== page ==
The summer of 2012 was a heck of a time to be on the Everett AquaSox beat.
That year is best known in AquaSox land as the Summer of Zunino. Mike Zunino arrived to much fanfare when the Seattle Mariners’ first-round draft pick was assigned to Short Season-A Everett for his professional debut. He was, if anything, even better than advertised, as he spent the ensuing month pulverizing Northwest League pitching. Zunino-mania, which saw him receiving big ovations even from opposing crowds in places like Yakima and Spokane while Everett toured through Mariners territory, was by far the biggest sensation I witnessed during my 12 seasons covering the Sox.
Yet as good as Zunino was, there was another player on that team who, while not as hyped, was in his own way equally as effective. His name was Chris Taylor. He came with a good-glove, suspect-bat reputation as a shortstop, but an endless string of line drives and stolen bases saw Taylor waltz his way out of the Northwest League in about six weeks.
So there’s a certain degree of gratification that comes from seeing those particular two ex-AquaSox players squaring off against one another in this year’s World Series.
Zunino’s Tampa Bay Rays and Taylor’s Los Angeles Dodgers opened the World Series on Tuesday night in Game 1 at Globe Life Field in Arlington, Texas, and the AquaSox class of 2012 reunion is giving Everett it’s small place in this year’s Fall Classic.
“If you were to ask me at the time if I thought both of them would be big leaguers, I would have said, ‘Absolutely,’” said AquaSox broadcaster Pat Dillon, who had a bird’s-eye view of those two in action in 2012.
Not only are they big leaguers, they’re now starters for World Series combatants.
Zunino is Tampa Bay’s starting catcher. After a brutal regular season that saw him bat .147 and strike out 37 times in 84 plate appearances, Zunino has redeemed himself during the postseason by slugging four home runs in 13 games, including the homer in Game 7 of the American League Championship Series that stood up as the game-winner in the decisive 4-2 victory over the Houston Astros.
Taylor continues to be Los Angeles’ utility knife, starting most of the Dodgers’ games at second base, but switching to left field late in games for defensive purposes. After batting .270 with eight homers in 56 games during the regular season, he’s hitting .200 in the postseason, including going 2-for-4 with a double in L.A.’s 4-3 victory over the Atlanta Braves in Game 7 of the National League Championship Series.
So it’s AquaSox vs. AquaSox for baseball’s grandest prize.
Eight years ago they were on the same side, if only for a brief period.
Taylor, a fifth-round pick out of the University of Virginia, opened the 2012 season with the Sox and played in 37 games with Everett, batting .328 with a .905 OPS and 13 stolen bases before being promoted to Clinton of the Low-A Midwest League in late July. Taylor was equal to his reputation in the field, but was far more of an impact bat than expected, spraying line drives into the gaps from the top of the order. And on a team filled with players with speed reputations, Taylor was probably the fastest.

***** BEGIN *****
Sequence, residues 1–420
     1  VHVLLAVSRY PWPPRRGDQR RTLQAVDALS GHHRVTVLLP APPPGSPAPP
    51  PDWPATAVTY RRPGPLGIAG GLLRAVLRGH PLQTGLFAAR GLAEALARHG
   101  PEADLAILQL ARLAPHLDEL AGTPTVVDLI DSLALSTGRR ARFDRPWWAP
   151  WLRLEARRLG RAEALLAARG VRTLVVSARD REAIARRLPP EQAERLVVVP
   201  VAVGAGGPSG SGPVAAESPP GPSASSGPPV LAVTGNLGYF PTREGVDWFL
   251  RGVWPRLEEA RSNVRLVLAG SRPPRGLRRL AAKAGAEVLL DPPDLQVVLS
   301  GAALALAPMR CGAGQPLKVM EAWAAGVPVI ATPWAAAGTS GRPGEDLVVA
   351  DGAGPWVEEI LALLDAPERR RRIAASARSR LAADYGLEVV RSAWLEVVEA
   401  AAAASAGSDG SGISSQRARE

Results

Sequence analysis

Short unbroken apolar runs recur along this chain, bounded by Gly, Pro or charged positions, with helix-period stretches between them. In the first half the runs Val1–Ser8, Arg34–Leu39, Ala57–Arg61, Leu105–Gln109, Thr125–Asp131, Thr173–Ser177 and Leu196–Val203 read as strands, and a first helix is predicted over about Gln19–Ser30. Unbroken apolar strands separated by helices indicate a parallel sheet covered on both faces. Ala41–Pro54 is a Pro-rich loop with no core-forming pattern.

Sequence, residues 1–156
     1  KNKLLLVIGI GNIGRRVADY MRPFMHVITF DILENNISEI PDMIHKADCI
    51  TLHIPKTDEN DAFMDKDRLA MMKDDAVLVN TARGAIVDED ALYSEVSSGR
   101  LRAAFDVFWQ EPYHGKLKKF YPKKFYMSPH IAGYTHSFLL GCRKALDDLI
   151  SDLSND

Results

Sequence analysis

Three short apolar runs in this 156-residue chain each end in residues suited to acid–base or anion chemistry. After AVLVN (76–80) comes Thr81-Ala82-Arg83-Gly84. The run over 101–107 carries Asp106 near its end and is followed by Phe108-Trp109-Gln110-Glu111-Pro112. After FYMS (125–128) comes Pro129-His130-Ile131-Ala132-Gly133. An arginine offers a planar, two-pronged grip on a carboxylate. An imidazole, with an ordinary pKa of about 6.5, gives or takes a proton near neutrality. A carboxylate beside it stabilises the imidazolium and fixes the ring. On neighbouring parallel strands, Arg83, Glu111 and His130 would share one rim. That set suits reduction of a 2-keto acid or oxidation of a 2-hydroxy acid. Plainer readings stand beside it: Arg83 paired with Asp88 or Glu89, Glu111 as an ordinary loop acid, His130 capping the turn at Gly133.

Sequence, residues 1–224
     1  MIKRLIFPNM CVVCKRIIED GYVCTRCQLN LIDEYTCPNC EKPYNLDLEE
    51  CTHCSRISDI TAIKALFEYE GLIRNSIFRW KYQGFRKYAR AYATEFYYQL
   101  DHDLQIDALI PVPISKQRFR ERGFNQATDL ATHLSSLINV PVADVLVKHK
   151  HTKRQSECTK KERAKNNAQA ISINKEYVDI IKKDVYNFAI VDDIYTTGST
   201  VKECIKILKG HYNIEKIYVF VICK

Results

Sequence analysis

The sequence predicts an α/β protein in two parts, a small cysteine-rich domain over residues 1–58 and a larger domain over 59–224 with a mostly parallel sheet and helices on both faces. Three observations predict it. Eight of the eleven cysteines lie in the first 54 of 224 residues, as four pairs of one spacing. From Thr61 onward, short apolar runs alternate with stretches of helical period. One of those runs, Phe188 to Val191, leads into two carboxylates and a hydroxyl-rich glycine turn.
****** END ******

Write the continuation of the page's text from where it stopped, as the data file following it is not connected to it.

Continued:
Zunino, the third-overall selection out of the University of Florida and the Golden Spikes winner as college baseball’s best player, arrived in mid-July after extended contract negotiations. He batted .373 with 10 homers, 35 RBI and a 1.210 OPS in 29 games before skipping rungs as he was promoted to Jackson of the Double-A Southern League. His power from the middle of the order was prodigious, and he packed the stands everywhere Everett went as Mariners fans flocked to see the team’s new superstar prospect.
Zunino and Taylor ended up overlapping for just nine games. Everett was 6-3 in those games, with Zunino batting .394 with six extra-base hits and Taylor batting .359 with four stolen bases.
“If I had to throw out a team MVP for the 2012 club, I’d have co-MVPs, and they’d be Mike Zunino and Chris Taylor,” Dillon said.
Beyond their excellence on the field, Zunino and Taylor were appreciated for the attitudes they brought with them.
“He was just a really nice guy, a real upbeat and positive guy,” Dillon recalled about Zunino. “I remember interviewing him and him telling me how his mom was a softball player who played for the Italian national team, and he was proud of his mom. For a first-round guy who had the type of success he had at Florida, making his first minor-league stop, he had the attitude that he hadn’t made it yet, so he had to work his tail off to get to the next level.
“Chris was quiet, he was confident,” Dillon added. “He seemed to have the makeup of what the ideal ballplayer has mentally, which is no high highs, no low lows, just an even-keeled guy. If he was on a tear he’d think about the next at bat, if he was in a slump — which was not very often with us — he would think about the next at bat. He was just a good ballplayer. I remember (manager) Rob Mummau being very complimentary of the player he is.”
Both Zunino and Taylor figure to play important roles for their teams in the World Series, batting toward the bottom of their respective lineups and playing key defensive roles.
And who knows? Taylor was the NLCS MVP for the Dodgers in 2017. Maybe one of those 2012 AquaSox players will lift the Willie Mays World Series MVP Award trophy. Which one should it be? I suppose it depends on who you’re rooting for.
“I really don’t have any particular rooting interest,” Dillon said, “but I hope those guys play well, that’s for sure.”
Follow Nick Patterson on Twitter at @NickHPatterson.